IN MARCH 1991, a stunning local government election swept Winston Johnston and the other male councillors from office. Installed in their place were two women who came, not from dairy farms or businesses in town, but from two of the many secluded properties that abounded on the plateau’s numerous ridges and valleys: Jill Jordan (dubbed the ‘co-op queen’ and ‘mother of the co-op movement’ by the press) lived in a converted cow bail in an intentional community known as Frog’s Hollow, and Vivienne Coleman lived in a converted railway carriage. Both had genuine track records of protecting the environment. In a broad wave of voter discontent, Mayor Don Aldous from Caloundra was also swept from office (although only temporarily; he later returned to serve until retirement in 2008).
Before the election, the concrete batching plant story aired on the Queensland edition of ABC’s The 7.30 Report. It was the week of Operation Desert Storm in Iraq, and their ‘balancing’ segment featured Danny the hippie guy singing about platypuses as he forded the gurgling waters of the Obi Obi. After the election, and thanks to television, Danny became quite a celebrity and more people than ever joined him in the main street to sing:
During the election campaign, FABS had played tough. We’d taken out a full-page advertisement in the Range News to reveal how little the council had done to stop the batching plant relocating to the centre of town, and had been vocal at meet-the-candidate meetings. We’d helped swing the electorate’s voting pattern from knee-jerk support for the National Party to open-mindedness.
BUNYA NUTS ARE spikey, can weigh up to ten kilograms, and are best broken open with an axe. The smaller nuts within are roasted and eaten. Locals know not to tempt fate by standing under them in fruiting season – the unfortunate can happen.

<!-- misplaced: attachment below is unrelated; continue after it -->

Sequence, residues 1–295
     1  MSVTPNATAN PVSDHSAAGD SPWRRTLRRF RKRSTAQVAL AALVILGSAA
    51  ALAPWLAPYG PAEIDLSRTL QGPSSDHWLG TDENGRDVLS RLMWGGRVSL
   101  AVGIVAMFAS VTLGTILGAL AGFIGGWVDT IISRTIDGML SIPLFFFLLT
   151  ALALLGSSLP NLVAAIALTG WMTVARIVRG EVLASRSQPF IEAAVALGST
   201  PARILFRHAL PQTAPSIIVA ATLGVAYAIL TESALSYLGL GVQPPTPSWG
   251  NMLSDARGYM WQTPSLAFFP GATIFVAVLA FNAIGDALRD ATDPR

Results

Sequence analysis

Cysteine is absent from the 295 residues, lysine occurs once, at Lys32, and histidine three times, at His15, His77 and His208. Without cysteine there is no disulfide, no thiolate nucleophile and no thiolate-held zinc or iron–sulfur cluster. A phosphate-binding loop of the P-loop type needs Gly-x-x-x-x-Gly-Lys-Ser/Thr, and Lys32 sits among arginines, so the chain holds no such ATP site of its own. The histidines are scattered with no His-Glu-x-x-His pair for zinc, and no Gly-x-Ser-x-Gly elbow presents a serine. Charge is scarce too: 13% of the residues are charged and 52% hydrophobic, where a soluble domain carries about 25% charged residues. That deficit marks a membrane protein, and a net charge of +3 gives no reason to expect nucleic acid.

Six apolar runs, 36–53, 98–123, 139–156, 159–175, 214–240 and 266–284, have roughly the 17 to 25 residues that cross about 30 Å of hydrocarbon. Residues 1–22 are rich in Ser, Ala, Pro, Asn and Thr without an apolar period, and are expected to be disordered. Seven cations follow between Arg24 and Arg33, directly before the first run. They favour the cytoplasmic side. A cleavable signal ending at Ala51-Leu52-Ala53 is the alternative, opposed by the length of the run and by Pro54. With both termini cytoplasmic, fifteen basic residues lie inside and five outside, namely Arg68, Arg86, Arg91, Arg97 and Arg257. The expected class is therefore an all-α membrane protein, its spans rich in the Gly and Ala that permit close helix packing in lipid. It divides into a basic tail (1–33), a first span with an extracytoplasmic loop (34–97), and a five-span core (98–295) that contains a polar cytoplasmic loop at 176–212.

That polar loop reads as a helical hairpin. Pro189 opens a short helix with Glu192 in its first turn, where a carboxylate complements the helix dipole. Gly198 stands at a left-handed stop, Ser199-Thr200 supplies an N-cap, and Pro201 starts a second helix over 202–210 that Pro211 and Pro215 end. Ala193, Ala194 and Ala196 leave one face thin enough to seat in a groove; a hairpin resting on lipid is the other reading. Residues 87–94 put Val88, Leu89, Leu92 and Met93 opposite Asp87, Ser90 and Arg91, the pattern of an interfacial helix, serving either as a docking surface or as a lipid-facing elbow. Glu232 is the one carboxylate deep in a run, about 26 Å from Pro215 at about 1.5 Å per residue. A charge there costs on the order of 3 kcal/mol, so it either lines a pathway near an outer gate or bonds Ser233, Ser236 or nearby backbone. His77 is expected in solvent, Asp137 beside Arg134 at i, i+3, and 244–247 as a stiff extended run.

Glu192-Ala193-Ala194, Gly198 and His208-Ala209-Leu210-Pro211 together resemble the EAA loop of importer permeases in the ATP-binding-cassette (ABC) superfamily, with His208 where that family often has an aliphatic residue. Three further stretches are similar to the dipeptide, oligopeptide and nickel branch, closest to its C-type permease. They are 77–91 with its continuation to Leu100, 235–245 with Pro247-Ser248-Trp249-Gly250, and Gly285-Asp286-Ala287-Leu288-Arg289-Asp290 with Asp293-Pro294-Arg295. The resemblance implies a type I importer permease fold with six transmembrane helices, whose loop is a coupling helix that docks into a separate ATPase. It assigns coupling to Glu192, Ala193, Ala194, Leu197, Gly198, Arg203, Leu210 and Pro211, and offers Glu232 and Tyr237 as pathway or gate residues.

At the second public meeting of 1991, oppositional voices were raised in earnest for the first time. Sellars’ intention to relocate its plant somewhere on the plateau, if it couldn’t get the one it wanted in Coral Street, made people jittery. A ‘not in my back yard’ mentality was taking hold. (Later, FABS wondered why we hadn’t seen it before – there was no need for anyone, including the council or the state government, to find another batching site in Maleny – there were plenty of zones for heavy industry, off the plateau.)
As it often does in public meetings, the compass point of discussion swung wildly. The ever-volatile Timothy Hobbs, now in support of FABS’s every move, likened the company’s behaviour to a terrorist attack and demanded the Governor-General of Australia intervene.
Our solicitor brought the focus back to reality. ‘The engineering report, Potential Noise and Dust Pollution from Proposed Concrete Batching Plant Maleny, came today. I can’t divulge the contents but,’ he smiled broadly, ‘it’s convincing.’
Jill Jordan and Vivienne Coleman, councillors of only two weeks’ standing, reported that they’d already managed to get Caloundra City Council to strengthen the grounds on which it would defend its position by going beyond the traffic issue. Council had also asked Sellars/CSR for an adjournment to give it more time to find a solution. The company had agreed.
Once the court approved the adjournment it had the immediate effect of making the issue less urgent and fundraising more difficult. In the months that followed, our activities were often PR exercises rather than profitable: a Platypus Family Fun Day, a morning tea, a piano recital, donation jars on shop counters. In June, when our solicitor sent an updated Memorandum of Fees, the amount FABS owed had grown as fast as kikuyu grass in summer. Our engineer’s fee was more than $6,000. The barrister we had to engage to oversee the adjournment (which FABS had not wanted) charged $2,000. Courier fees, phone calls, faxes, photocopying – it was all adding up, while donations had slowed to a trickle. My publicity efforts in the Range News seem, in retrospect, hysterically hopeful about the rallying power of the exclamation mark: FABS IS ALIVE AND WELL! But sobered by legal bills!
The Anything Goes forces regrouped to make Councillor Jill Jordan their prime target. Their level of vitriol had never been experienced before in our mountain paradise, with the catchcries of: Motorists, not trees! Reckless ‘greenie’ councillors are wasting ratepayers’ money! Chop it, burn it, get rid of it! All this was in response to her request that council re-align a road during road sealing works on Bald Knob to save a mature blue gum. Her intervention inspired the region’s first decent discussion about the need to preserve nesting sites for native and migratory birds – at least until the Anything Goes crowd went ballistic. Then, on 3 July under the cover of darkness, someone drilled five holes into the blue gum’s trunk, and filled them with poison. Come local government elections in 1994, Jill would be subjected to a vicious whispering campaign. After only one term, she lost office.